There are many challenges facing our leaders within the NHS. Employers are looking to recruit and retain high quality staff for the benefit of the health services as a whole. They want those employees to embrace change and innovate for safer solutions to provided quality care. They want there employees to be engaged with their organisation.
Well... to do this, they must be healthy. Healthy employees are more engaged and engaged employees are more healthy…. (Van Stolk, 2009; The RCP, 2015). So in the final part of this NHS staff well-being series, we have put together some evidence based suggestions, designed to help your health care organisation thrive in the face of adverse staff health.
Tip One: Demonstrate a commitment to a health and wellness programme that is fully integrated with your organisation’s mission, values and long-term vision (Blake et al, 2013). This will demonstrate to staff that you value them and their well-being.
Tip Two: Ensure that staff have access to healthy food 24 hours a day to cover all shift patterns. This comes in partnership with ensuring staff have adequate provision to take breaks in order to eat, replenish and re-hydrate.
Tip Three: Galvanize proactive occupational health teams. These teams should be proactive in predicting work based issues and preventing ill health in staff.
Tip four: Prioritize a plan to support the mental and physical well being of staff and ensure that there is provision of psychological therapies, smoking cessation and public health programmes available to them.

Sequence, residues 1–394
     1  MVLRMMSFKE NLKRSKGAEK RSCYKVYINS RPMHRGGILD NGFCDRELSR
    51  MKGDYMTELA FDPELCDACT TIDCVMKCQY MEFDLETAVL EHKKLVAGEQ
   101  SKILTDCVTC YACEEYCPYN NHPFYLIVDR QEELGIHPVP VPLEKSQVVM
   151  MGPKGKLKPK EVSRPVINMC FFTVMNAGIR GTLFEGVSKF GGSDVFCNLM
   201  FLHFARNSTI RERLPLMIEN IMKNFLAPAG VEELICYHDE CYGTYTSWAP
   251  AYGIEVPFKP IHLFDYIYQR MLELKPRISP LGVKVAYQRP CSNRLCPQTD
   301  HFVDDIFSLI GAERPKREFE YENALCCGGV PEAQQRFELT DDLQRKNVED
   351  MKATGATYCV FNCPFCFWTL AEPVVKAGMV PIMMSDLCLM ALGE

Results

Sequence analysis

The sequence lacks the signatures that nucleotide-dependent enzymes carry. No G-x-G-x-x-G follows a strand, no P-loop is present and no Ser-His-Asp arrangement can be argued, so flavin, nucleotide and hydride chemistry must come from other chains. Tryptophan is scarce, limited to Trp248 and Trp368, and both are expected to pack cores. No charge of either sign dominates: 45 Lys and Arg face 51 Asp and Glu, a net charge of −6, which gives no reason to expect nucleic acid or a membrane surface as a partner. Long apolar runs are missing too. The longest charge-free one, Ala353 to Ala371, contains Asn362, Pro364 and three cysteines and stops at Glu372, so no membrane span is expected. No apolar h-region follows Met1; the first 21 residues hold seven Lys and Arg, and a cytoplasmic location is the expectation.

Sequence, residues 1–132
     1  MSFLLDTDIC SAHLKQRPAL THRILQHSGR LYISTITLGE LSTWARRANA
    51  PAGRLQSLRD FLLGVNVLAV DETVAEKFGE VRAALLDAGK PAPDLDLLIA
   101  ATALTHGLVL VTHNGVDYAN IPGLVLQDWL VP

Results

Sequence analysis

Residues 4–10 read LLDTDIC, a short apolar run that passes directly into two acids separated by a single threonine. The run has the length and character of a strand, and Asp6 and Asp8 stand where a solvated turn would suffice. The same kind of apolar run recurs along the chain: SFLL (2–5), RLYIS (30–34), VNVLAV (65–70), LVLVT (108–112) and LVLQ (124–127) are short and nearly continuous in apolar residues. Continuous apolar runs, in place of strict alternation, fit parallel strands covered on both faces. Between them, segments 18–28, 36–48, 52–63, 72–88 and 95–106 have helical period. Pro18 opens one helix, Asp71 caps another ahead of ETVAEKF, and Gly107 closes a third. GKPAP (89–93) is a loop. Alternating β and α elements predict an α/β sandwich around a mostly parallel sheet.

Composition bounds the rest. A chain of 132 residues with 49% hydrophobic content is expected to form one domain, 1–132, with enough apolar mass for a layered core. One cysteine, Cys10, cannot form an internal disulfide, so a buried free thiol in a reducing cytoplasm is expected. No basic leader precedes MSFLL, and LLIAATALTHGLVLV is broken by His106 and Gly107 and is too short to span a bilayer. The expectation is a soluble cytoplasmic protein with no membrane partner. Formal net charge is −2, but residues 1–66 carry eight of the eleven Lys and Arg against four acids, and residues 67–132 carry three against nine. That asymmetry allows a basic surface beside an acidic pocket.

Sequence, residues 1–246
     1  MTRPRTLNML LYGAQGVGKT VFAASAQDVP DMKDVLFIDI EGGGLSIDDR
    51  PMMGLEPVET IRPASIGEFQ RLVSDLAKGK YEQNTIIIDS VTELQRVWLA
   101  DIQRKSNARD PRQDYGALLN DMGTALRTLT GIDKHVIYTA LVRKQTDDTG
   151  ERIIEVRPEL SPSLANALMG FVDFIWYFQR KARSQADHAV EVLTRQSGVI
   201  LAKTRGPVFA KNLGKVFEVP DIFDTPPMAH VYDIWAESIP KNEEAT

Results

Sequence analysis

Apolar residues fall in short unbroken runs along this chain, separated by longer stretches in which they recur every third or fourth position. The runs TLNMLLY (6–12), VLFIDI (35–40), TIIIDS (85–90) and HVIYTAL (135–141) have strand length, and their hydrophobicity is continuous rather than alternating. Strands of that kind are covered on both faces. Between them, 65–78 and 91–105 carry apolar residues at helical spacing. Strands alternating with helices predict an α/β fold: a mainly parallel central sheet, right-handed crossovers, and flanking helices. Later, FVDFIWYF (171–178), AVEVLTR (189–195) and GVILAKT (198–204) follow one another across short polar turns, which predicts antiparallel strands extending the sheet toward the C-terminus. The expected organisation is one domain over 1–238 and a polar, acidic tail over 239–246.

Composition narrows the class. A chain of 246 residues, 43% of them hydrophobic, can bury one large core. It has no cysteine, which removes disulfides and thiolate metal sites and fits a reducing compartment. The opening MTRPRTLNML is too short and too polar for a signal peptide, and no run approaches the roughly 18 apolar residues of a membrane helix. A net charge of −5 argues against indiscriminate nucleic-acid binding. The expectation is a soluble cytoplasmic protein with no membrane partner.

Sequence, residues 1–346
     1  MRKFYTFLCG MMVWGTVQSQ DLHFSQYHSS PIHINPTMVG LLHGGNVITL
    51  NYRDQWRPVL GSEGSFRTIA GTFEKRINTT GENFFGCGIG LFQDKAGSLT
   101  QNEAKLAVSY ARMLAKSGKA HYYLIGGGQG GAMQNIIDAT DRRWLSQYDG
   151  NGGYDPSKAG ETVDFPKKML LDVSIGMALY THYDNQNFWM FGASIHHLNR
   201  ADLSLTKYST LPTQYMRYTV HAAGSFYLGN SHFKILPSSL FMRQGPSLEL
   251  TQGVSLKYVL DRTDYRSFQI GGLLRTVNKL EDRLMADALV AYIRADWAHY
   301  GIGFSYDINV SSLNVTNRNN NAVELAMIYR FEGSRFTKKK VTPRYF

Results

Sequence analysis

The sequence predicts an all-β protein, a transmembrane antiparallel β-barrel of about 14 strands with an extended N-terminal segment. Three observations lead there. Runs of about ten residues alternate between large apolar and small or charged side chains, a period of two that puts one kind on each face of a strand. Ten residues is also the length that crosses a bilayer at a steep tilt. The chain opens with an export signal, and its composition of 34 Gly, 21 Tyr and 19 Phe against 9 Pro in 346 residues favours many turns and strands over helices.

Tip Five: Monitor the efficacy of interventions put in place and adapt services according to the needs of all of your staff at every level (permanent/temporary/part time/full time/all shift patterns).
When Healthcare organisations value their staff experience as much as they value the patient experience, then both staff and services will have the chance to thrive (Boorman, 2009, Prins et al, 2010, Keogh, 2013). Join our programmes today and see how we can turn your organisational 'health culture' around.
Blake, Holly, Dingyuan Zhou, and Mark E. Batt. "Five-year workplace wellness intervention in the NHS." Perspectives in public health 133.5 (2013): 262-271.
Boorman S. NHS health and wellbeing review: interim report. London: Department of Health, 2009.
Keogh B. Review into the quality of care and treatment provided by 14 hospital trusts in England: overview report. London: Department of Health, 2013
Prins JT, Hoekstra-Weebers JE, GazendamDonofrio SM et al. Burnout and engagement among resident doctors in the Netherlands: a national study. Med Educ.
RCP. Work and wellbeing in the NHS: why staff health matters to patient care. London:RCP, 2015.
Van Stolk C, Starkey T, Shehabi A, Hassan E. NHS workforce health and wellbeing review: staff perception research. London: Department of Health, 2009.